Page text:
- Neutral salts – potassium chlorate (KClO3), calcium phosphate (Ca3(PO4)2), and sodium nitrate (NaNO3)
- Double salts – potassium cerium fluoride (KCeF4) and Mohr’s salt ((NH4)2Fe(SO4)2.6H2O)
- Complex salts – tetra amino cupric sulfate ([Cu(NH3)4]SO4) and hexamine chromium (III) chloride [CR(NH3)6]Cl3]
- Mixed salts – bleaching powder (Ca(ClO)2) and sodium potassium sulphate (NaKSO4)
What are the Properties of Salt in Chemistry?
Salts have different properties when it comes to taste, colour, smell, solubility, conductivity, and melting point. These characteristics are determined by the salt’s composition and crystalline structure.
Aside from their crystalline lattice structure and ionic bonds, here are some other properties of salt:
Although many salts have a characteristic “salty” taste, others have a very different flavour. Lead diacetate, for example, can be sweet-tasting but poisonous. Magnesium sulphate, on the other hand, has a bitter taste, while potassium bitartrate is sour. Monosodium glutamate has a savoury flavour, which highlights the tastes of other food ingredients.
Many salts are transparent or translucent, but some are opaque. The opacity, transparency, and colour of salts is largely dictated by the arrangement or structure of the monocrystals. Salts come in a wide range of colours, which are dependent on the ionic composition. For example, cobalt nitrate is red due to the presence of hydrated cobalt (II), while copper sulphate is blue as a result of copper (II) chromophore.
Salts that are produced from the neutralisation reactions between strong acids and strong bases do not have odours. However, those that are formed either from a weak acid and a strong base, or vice versa, tend to have an odour. The most common are cyanide salts, which are formed from hydrogen cyanide. They have a distinct almond-like smell.
Since salts are ionic compounds, most of them are highly soluble in water as well as other types of solvents. Some exceptions include ammonium hexachloroplatinate, potassium cobaltinitrite, and most metal carbonates.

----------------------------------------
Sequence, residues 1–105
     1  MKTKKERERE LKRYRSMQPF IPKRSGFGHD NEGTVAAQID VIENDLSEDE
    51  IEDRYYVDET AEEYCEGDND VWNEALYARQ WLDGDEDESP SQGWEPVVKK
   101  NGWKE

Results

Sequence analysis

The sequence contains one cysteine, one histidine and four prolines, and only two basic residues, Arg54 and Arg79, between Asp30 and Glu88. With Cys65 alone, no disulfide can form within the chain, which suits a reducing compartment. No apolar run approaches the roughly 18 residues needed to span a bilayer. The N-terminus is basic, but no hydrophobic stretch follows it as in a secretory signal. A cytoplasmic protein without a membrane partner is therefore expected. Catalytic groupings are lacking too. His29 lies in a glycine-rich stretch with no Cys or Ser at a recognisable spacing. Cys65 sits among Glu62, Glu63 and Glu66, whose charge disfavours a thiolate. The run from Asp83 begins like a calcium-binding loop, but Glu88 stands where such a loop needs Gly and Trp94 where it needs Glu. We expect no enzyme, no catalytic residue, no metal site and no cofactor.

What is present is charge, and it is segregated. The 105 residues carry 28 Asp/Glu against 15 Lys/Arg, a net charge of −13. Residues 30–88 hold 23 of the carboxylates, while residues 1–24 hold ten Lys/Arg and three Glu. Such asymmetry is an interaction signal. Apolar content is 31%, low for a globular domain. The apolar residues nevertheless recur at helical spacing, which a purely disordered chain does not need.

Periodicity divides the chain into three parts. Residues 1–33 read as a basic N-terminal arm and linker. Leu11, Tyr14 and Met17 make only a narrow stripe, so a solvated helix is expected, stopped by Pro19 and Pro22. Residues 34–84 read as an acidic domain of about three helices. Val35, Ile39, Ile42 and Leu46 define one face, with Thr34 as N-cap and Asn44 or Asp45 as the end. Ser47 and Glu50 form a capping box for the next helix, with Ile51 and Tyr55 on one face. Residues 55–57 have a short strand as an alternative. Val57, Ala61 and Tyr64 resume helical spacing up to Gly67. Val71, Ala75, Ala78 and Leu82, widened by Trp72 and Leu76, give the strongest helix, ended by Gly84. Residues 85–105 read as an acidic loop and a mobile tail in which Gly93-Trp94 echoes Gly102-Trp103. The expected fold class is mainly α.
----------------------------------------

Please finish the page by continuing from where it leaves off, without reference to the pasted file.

Molten salts and solutions of salts conduct electricity because of their ionic and polar properties.
Salts tend to have high melting points due to their strong ionic bonds. For example, the common table salt has a melting point of 801°C.
How is Salt Formed in Chemistry?
There are various ways to produce salt, but the most common is via the neutralisation reaction (or double replacement reaction) that occurs between acids and bases.
Salts can also be formed through the reaction between alkali metals and halogens, which is classified as a combination reaction.
Salts are important because they have several applications. Here are some examples:
- Sodium chloride – also known as table salt, sodium chloride is the most common type of salt used in seasoning and preserving food.
- Monosodium glutamate – this type of salt is used to make food more savoury and enhance its flavour.
- Sodium nitrate – commonly used in the manufacturing of explosives and fertilisers.
- Potassium permanganate – used in treating some skin conditions like fungal infections. It is also used in synthesising organic compounds like ascorbic acid.
- Tetra amino cupric sulphate – this type of salt is used in manufacturing artificial fabrics, particularly cuprammonium rayon.
- Zinc chloride hydroxide monohydrate – a common feed additive and nutritional supplement for domesticated animals. It is also an antifungal component for treating plants.